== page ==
First Americans in Cuba under easier U.S. travel rules
By Jeff Franks
HAVANA (Reuters) - The first group of Americans to tour Cuba under new, more liberal U.S. travel regulations have been greeted by hugs, handshakes and a welcoming Cuban government, according to a trip organizer.
The 30 travelers are pioneers in a new era of "people-to-people" exchanges the Obama administration approved in January to "enhance the free flow of information" to Cubans and over the objections of those who favor a hardline against the communist government.
About 30 to 35 travel groups are believed to have obtained licenses so far under the new regulations, which reinstate rules put in place by President Bill Clinton in 1999, but revoked by his successor, President George W. Bush in 2003.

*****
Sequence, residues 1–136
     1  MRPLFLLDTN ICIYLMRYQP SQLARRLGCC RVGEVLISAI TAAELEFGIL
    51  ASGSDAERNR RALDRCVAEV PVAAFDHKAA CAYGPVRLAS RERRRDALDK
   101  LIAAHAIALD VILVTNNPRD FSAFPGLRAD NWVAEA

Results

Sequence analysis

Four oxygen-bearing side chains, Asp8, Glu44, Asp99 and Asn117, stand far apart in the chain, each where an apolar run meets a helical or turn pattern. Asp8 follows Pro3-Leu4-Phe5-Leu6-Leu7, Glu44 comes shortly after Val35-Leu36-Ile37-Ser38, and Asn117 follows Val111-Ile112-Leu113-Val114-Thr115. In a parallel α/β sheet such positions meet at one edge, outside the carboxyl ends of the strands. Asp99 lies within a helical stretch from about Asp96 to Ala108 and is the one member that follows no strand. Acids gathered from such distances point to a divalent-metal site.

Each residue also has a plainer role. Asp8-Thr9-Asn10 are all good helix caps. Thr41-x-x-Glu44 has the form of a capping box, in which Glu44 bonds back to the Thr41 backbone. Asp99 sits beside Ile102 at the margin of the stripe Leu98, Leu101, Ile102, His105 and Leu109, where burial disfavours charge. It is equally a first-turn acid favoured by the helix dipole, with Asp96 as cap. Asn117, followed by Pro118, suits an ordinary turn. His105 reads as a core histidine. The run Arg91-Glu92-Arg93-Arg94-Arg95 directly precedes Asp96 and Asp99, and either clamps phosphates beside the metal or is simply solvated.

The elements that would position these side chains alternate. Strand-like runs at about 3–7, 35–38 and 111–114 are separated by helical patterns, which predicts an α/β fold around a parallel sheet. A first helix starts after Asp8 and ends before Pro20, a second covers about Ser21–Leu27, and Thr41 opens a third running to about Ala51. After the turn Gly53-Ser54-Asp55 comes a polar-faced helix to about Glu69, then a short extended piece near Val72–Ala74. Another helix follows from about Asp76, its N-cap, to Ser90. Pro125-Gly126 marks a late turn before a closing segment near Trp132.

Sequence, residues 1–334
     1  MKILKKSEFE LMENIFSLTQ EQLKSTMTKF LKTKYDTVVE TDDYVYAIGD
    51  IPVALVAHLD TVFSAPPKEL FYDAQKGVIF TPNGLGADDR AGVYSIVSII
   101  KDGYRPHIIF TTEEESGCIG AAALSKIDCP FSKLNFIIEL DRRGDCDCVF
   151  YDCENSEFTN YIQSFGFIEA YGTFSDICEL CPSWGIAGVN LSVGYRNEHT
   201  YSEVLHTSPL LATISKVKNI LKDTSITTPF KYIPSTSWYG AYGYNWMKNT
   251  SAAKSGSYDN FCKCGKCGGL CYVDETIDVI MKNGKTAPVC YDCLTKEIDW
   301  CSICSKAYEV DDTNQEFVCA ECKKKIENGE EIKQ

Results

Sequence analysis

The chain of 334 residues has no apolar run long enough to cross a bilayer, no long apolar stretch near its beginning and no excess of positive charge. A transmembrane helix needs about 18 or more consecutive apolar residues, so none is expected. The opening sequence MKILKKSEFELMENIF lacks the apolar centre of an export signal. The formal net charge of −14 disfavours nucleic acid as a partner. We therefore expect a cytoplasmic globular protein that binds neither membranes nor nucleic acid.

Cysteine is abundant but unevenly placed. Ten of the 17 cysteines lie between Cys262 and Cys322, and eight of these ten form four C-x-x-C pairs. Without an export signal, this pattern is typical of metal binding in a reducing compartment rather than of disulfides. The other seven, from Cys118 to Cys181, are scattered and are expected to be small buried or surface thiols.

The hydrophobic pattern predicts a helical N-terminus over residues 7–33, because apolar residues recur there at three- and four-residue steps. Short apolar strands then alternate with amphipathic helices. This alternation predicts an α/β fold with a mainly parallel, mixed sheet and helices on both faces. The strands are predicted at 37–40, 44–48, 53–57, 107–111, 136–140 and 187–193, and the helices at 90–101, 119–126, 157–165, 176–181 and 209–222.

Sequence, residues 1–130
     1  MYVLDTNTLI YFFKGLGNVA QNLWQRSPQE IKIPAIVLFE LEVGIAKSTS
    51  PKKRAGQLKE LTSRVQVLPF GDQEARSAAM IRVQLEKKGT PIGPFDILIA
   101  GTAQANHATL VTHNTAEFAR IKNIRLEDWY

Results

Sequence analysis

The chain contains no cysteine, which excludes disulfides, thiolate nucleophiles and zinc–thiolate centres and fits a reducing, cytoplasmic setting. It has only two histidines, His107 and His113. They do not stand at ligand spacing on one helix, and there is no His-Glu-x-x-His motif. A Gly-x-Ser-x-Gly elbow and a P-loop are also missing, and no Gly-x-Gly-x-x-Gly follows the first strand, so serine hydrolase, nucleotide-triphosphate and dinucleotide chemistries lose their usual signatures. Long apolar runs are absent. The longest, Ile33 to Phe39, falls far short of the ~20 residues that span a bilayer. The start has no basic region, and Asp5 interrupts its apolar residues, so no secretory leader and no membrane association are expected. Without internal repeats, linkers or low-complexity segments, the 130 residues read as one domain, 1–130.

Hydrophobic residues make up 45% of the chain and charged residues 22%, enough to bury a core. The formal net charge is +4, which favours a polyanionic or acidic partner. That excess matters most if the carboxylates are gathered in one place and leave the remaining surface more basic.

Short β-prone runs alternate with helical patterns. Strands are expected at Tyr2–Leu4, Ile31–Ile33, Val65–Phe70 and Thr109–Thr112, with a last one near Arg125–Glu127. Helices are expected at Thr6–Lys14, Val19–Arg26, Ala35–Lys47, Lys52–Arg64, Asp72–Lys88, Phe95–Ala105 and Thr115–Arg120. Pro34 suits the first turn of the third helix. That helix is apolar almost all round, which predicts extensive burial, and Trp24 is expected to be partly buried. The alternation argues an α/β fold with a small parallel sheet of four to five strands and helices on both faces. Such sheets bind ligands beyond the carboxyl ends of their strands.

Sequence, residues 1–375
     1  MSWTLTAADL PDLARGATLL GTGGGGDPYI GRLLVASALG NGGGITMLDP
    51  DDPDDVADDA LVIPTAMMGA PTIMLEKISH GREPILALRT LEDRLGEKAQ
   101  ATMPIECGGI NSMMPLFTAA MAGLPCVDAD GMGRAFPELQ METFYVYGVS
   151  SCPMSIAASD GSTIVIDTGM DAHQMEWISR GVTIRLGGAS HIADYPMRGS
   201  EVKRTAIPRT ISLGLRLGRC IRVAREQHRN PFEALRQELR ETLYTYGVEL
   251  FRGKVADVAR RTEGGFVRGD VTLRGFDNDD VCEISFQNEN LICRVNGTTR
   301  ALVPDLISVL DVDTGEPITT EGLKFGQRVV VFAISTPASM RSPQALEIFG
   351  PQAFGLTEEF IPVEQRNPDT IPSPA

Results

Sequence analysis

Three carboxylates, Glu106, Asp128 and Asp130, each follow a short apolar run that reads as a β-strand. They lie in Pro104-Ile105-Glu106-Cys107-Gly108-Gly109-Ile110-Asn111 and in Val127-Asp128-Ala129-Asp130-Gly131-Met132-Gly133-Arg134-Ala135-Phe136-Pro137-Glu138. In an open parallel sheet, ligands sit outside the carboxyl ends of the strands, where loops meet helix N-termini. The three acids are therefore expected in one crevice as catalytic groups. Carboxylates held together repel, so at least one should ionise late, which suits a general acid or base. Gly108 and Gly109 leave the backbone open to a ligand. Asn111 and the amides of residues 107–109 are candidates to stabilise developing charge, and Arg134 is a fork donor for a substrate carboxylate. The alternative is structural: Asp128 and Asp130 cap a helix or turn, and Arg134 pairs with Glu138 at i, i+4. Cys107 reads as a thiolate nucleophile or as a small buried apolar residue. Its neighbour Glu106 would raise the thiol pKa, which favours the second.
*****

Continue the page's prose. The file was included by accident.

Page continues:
The first group of travelers have been to orphanages, medical facilities, art museums, music performances and tobacco farms and have walked the streets of Old Havana in a first taste of the forbidden fruit that Cuba has been for five decades under the U.S. trade embargo against the country.
Their reactions, said Tom Popper of Insight Cuba, the travel agency bringing in the group, have varied widely.
"Some people are amazed by what they see and astonished by the people and the culture and everything around them," he told Reuters this week.
"And some people feel horrible that getting coffee is a struggle and food stuff is hard (to find) and that there's two economies and that a doctor has to drive a taxi to supplement his income," Popper said.
He described an emotional visit to a facility for the blind where 40 people awaited the group and applauded their arrival. Continued...